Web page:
Although most overweight adults agree that health insurance benefits designed to promote weight loss are a good idea, they don’t want to pay extra for them, finds a new study in the American Journal of Preventive Medicine.
Recent health behavior research news stories: Friendships Are Good for Our Health | Obesity Lowers Quality of Life in Boys | Health Centers Have High Satisfaction Rates | Diabetes + Depression Increases Risk of Death
Being overweight or obese significantly reduces health-related quality of life in boys, but not girls, when compared to normal weight peers, finds a new study in the Journal of Adolescent Health.
If you're a heavy person, you probably dread medical visits that seem to center on weight, regardless of whether you come in for an unrelated complaint or a routine screening. Even so, don't let that stop you from getting the health care you deserve.
According to a study in the American Journal of Preventive Medicine, urban residents who drive to work gain more weight than those who do not commute by car.
Obese adolescents tend to have fewer friends at school than their peers, finds a new study in Ethnicity & Disease. However, the impact of obesity on friendships varies by ethnic group, with White students faring worse than Black or Hispanic students.
Women who become overweight or obese during the transition from adolescence to adulthood are significantly more likely to give birth to babies with excessive birth weights, according to a new study published in the Journal of Adolescent Health.
Teens who weigh themselves several times per week may be at risk for unhealthy weight control practices and poor psychological well-being, according to a new study in the Journal of Adolescent Health.
As more and more soldiers return from recent conflicts overseas, new research reveals that female veterans experience poorer health than other women.
The declining rate of smoking is unlikely to be a major contributor to the recent increases in the incidence of obesity. While quitting smoking might cause some people to gain weight, the amount gained will probably be small, reports a new study in Health Services Research.
When people in the U.S. are asked to provide their weight for research surveys, they underestimate their weight and overestimate their height, despite numerous public reports about increasing rates of obesity. Whites are more likely to do so than Blacks or Hispanics, finds a new study in Ethnicity and Disease.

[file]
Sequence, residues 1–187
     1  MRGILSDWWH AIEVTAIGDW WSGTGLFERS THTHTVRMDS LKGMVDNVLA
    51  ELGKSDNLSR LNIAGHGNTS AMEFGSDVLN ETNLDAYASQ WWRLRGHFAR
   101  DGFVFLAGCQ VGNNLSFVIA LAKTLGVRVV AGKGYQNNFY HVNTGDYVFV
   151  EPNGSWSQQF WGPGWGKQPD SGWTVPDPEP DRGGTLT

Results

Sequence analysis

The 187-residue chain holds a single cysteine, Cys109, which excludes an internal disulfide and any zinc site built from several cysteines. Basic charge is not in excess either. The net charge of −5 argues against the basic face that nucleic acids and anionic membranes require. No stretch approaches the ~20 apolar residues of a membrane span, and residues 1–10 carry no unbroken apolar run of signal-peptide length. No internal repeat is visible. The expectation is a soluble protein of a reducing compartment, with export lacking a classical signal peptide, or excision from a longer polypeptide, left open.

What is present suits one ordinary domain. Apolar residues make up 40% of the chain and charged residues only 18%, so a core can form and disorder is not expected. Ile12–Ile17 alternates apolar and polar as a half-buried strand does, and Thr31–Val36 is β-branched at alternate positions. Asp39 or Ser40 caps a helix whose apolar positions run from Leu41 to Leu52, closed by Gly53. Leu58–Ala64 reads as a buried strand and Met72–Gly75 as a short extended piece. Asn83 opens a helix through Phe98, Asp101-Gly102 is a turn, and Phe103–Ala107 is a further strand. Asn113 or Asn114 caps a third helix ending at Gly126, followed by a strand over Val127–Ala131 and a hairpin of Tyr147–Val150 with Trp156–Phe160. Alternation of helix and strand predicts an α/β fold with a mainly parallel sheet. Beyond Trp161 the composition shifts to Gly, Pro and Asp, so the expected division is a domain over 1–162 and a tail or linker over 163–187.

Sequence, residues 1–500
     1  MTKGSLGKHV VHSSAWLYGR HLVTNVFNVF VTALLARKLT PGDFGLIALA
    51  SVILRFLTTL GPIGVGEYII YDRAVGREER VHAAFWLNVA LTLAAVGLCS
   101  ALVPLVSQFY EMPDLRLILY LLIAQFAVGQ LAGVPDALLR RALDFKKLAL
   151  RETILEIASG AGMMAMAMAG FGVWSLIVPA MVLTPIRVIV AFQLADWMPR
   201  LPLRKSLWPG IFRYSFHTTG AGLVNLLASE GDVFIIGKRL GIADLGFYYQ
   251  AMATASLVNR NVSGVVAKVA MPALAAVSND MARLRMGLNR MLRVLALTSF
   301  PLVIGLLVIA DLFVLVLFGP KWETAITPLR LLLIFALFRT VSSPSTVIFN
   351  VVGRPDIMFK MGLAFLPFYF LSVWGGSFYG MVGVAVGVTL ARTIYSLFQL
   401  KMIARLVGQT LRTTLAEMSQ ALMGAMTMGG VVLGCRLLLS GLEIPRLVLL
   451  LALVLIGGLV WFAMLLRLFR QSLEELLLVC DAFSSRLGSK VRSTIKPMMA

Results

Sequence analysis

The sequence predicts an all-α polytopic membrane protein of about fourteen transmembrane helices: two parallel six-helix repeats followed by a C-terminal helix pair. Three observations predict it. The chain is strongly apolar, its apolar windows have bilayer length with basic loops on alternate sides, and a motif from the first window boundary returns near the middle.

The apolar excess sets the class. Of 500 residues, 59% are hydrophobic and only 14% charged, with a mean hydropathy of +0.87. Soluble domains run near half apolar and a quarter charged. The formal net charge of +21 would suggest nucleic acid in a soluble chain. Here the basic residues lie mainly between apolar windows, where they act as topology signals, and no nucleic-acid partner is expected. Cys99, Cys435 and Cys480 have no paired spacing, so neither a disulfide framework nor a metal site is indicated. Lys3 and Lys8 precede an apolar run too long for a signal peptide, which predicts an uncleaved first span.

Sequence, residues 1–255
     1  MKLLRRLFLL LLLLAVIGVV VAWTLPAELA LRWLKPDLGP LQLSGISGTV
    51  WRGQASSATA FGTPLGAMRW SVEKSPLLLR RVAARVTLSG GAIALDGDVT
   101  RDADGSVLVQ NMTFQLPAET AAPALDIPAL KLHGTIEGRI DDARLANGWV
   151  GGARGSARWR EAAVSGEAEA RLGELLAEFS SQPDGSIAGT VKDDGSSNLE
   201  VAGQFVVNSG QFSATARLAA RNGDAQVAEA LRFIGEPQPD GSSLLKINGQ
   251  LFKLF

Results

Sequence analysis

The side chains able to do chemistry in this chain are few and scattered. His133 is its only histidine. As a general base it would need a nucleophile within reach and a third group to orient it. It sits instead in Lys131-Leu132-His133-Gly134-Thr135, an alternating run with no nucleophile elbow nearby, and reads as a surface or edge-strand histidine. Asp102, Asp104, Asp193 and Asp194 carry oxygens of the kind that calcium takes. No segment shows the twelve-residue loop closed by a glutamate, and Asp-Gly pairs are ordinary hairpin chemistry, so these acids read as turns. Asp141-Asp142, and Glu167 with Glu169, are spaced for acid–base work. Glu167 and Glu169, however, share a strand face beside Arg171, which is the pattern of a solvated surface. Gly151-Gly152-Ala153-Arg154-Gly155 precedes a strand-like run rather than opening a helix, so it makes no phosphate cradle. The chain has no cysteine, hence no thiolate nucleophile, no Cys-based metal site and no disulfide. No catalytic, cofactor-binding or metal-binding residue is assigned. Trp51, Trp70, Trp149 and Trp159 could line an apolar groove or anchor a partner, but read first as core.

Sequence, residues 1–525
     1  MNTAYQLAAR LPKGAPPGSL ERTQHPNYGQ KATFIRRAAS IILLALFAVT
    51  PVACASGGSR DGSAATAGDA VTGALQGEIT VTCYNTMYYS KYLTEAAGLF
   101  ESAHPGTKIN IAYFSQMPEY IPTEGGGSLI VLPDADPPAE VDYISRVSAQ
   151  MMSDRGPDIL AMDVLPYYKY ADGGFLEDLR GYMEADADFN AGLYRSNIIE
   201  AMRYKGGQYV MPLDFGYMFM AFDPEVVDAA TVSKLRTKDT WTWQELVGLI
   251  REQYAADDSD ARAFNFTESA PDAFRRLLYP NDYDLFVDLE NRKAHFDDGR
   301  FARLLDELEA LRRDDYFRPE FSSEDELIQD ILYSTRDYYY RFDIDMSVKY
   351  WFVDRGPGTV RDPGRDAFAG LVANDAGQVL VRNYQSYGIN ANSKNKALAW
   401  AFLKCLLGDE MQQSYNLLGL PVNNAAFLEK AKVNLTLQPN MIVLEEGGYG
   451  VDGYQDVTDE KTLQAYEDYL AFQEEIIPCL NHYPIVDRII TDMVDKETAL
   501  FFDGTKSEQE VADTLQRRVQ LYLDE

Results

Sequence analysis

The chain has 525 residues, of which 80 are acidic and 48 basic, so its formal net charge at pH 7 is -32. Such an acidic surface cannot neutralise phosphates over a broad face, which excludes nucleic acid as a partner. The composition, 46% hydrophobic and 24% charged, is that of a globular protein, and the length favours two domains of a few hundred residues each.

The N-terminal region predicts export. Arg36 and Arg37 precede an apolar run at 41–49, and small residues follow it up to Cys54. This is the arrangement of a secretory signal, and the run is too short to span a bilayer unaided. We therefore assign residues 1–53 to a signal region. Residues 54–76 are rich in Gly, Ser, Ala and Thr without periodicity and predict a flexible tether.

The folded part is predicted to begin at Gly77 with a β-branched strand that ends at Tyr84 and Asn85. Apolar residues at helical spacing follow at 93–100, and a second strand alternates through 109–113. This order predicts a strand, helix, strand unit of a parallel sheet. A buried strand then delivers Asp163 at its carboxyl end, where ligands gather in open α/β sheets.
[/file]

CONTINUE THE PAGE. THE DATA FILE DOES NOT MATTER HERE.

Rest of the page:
We often give a chilly reception to the idea of going "cold turkey" when it comes to anything that has to do with changing behaviors and habits, even those that may be important for our health.
With New Years resolutions still fresh, weight loss is all over the news, and many Americans' minds are firmly resolved to lose weight. However, their bodies and fast food restaurants may be equally determined that they fail.
New research from North Carolina finds that people who live in counties with better weather and more natural features like hills and lakes are more active and thinner than their counterparts.
A new study suggests that to prevent diabetes in postmenopausal women, dietary weight loss alone is effective while exercise alone is not effective, and both together are best of all.
Those 25-year-olds who are overweight now but think they will be fine as long as they lose weight eventually might need to reconsider.
A new study that looks at weight change over decades finds that the obesity epidemic in teens and young adults has its roots in the late 1990s and early 2000s, when body weights began to rise. But not everyone was affected equally.
Practices that help people lose weight and practices that help them keep it off do not overlap much.
Only half of obese Mexican-American adults receive diet and exercise advice from their physicians, although obesity is on the rise for this group.
Obese teenage girls are more than twice as likely as other girls to develop high-level nicotine addiction as young adults, according to a new study.
Fewer than half of primary care physicians talk to their patients about diet, exercise and weight management consistently, while pediatricians are somewhat more likely to do so, according to two new studies.
A study of Hispanic children found that those with TVs in their bedrooms were more likely to be overweight. “Bedroom TVs lead to more screen time, sedentary behavior, less parental support of physical activity and increased fast food intake,” researchers found.
A revealing new study finds that obesity might begin in babies as young as nine months old.
Effective strategies to fight youth obesity have been elusive. A new study suggests a simple step that might help cut the problem down to size: start school sooner.
For women coping with obesity and depression, new research finds that improving your mood might be the link to losing weight.
For every problem there is a solution which is simple, clean and wrong.- Henry Louis Mencken